As noted in the descriptions of each salt, there is a considerable range among the pH values of flotation salt solutions. In general, SOPP is most effective in killing spores in the lowest pH solutions, sodium lignin sulfonate and sodium sulfate. Chlorine, since it is not compatible with lignin sulfonates, is most effective in sodium sulfate solution. The surfactant AG98 (Rohm and Haas Co.) has improved spore kill and decay control by chlorine and may be used in any of the solutions appropriate for chlorine.
Managing SOPP in Lignin Sulfonate Solutions
As an alternative to the color-change titration method for analyzing SOPP in lignin sulfonate solutions, a pH-based method has been developed. The basis for this method is that, in the near-neutral pH lignin sulfonate solutions, SOPP concentration is the main factor affecting pH. However, you must understand two variable conditions: the concentration of lignin sulfonate (as indicated by specific gravity) and the initial pH of the lignin sulfonate solution must be known. Curves have been developed which relate SOPP concentration to solution pH at each specific gravity level and for each likely value of initial lignin sulfonate pH. Producers of lignin sulfonate have indicated that they will try to stabilize the latter factor to allow this procedure to be simplified. These curves may be obtained from Steri-Seal, Inc., of Wenatchee, Michelson Packaging of Yakima, or Washington State University and Oregon State University researchers involved with this material. Hydrometers may be obtained from winemaking suppliers, and relatively inexpensive hand-held pH meters are available from scientific and industrial suppliers.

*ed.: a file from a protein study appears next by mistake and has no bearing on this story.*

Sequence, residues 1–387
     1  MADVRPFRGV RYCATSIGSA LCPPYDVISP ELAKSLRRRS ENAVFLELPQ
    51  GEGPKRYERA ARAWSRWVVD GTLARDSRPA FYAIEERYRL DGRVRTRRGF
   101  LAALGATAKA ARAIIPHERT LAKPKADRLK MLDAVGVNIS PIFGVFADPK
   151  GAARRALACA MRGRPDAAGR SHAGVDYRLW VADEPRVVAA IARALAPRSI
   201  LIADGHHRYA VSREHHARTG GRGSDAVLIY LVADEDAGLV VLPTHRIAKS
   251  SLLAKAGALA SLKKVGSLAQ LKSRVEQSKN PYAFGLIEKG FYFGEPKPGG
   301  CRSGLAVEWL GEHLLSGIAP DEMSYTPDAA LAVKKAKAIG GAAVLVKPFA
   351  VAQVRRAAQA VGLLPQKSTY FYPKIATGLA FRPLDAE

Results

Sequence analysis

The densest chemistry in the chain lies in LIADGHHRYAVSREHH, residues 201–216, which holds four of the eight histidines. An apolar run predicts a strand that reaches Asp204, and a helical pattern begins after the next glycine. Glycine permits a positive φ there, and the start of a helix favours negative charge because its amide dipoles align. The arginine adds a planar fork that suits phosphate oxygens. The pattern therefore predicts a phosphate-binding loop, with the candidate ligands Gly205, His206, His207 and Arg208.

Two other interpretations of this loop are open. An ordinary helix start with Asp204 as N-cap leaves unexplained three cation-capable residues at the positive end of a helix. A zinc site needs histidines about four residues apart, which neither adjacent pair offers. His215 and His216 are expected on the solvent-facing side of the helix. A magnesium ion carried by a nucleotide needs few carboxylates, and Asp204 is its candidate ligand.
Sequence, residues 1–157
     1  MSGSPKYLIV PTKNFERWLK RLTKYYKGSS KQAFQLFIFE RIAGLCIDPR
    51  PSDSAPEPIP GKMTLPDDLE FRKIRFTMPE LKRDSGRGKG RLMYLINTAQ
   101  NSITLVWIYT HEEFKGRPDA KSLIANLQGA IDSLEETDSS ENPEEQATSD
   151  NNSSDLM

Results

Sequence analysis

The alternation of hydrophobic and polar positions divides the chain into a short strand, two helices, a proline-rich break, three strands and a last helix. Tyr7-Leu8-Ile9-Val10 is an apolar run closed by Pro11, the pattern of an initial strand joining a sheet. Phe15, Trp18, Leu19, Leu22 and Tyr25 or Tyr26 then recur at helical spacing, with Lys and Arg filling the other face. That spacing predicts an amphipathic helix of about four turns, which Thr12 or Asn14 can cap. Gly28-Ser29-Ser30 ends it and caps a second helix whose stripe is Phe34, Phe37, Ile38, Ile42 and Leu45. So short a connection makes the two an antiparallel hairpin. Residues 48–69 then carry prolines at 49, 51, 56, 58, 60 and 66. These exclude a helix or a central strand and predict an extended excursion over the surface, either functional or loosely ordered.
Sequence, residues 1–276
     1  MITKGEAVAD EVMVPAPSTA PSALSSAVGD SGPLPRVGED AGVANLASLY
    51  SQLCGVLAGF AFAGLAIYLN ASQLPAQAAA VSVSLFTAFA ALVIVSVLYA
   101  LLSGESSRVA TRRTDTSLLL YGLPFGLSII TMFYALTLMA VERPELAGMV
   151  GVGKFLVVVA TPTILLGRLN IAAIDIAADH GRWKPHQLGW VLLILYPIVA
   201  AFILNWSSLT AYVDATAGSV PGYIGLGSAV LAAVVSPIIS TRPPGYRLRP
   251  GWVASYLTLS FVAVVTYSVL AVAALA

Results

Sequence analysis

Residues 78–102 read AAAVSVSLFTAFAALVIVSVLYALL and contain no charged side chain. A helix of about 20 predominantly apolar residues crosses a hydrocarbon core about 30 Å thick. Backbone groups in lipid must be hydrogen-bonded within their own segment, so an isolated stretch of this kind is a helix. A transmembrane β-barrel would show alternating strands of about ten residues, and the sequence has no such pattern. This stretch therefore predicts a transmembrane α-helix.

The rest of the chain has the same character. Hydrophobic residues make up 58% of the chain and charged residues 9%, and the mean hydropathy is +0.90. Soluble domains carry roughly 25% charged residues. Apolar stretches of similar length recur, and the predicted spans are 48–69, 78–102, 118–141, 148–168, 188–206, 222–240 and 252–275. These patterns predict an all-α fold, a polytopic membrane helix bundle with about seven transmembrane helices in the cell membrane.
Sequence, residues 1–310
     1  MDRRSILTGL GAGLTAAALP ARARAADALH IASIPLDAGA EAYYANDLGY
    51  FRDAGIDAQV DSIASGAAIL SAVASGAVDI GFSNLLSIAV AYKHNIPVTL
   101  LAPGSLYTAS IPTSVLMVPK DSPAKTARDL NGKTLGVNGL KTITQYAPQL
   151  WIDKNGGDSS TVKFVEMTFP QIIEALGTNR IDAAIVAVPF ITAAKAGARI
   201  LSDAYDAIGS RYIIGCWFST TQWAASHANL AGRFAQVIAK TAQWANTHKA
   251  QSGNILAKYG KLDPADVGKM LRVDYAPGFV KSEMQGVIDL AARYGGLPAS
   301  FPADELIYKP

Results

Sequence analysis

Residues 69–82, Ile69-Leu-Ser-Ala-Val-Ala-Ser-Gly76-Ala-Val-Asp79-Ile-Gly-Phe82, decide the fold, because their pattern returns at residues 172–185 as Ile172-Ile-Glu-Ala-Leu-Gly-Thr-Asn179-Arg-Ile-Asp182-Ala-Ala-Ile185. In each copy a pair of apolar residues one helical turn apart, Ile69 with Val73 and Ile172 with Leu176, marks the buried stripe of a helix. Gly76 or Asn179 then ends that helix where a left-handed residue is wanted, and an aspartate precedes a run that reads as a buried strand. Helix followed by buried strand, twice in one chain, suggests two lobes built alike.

Flotation Salts and Fruit Injury
Both sodium carbonate and sodium sulfate may stain fruit surfaces if fruit is left in flotation solutions overnight. In normal use of these salts, there is not a high risk of fruit injury. However, SOPP can also injure fruit surfaces. This effect is enhanced by flotation salts, low pH, and increases as the solution temperature rises and the fruit spends more time in the solution. A 5 minute exposure of Comice pears to 1% SteriSeal in soda ash at specific gravity 1.04 resulted in fruit injury at temperatures higher than 65°F. Under the same conditions, injury was observed in sodium sulfate at temperatures above 70°F, in sodium lignin sulfonate above 80°F, and in SteriSeal alone above 86°F. Despite its relatively low pH, lignin sulfonate appears to protect solutions against SOPP injury. No injury occurred in water alone at the temperatures tested. These temperature conditions are not likely to occur where dump tanks are indoors or shaded, and when fruit has been precooled.
Because of the complexity of factors involved in managing flotation and other dump tank materials, it is important to keep detailed records of activities relating to the clump tank. The amount and time of addition of materials should be noted, as well as any observations on the behavior of the tank solution or the fruit. Note the specific gravity which gives the desired flotation for each pear variety in each season. In predicting volumes of liquid flotation salt needed, it is important to accurately know dump tank volume. Many packers have never measured the water required to fill the tank and have substantially underestimated the volume of flotation salt required.
David Sugar and Robert A. Spotts
Oregon State University, Southern Oregon Experiment Station and Mid-Columbia Agricultural Research and Extension Center
Post Harvest Pomology Newsletter, 7(2): 5-7